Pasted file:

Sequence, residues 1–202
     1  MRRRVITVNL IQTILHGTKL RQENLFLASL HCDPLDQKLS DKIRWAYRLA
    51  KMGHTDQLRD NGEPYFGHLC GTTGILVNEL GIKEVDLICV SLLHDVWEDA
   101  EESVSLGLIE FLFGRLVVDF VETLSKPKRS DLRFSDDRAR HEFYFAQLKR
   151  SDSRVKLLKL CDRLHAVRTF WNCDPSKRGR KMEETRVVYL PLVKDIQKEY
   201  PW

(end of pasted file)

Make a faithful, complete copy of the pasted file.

Sequence, residues 1–202
     1  MRRRVITVNL IQTILHGTKL RQENLFLASL HCDPLDQKLS DKIRWAYRLA
    51  KMGHTDQLRD NGEPYFGHLC GTTGILVNEL GIKEVDLICV SLLHDVWEDA
   101  EESVSLGLIE FLFGRLVVDF VETLSKPKRS DLRFSDDRAR HEFYFAQLKR
   151  SDSRVKLLKL CDRLHAVRTF WNCDPSKRGR KMEETRVVYL PLVKDIQKEY
   201  PW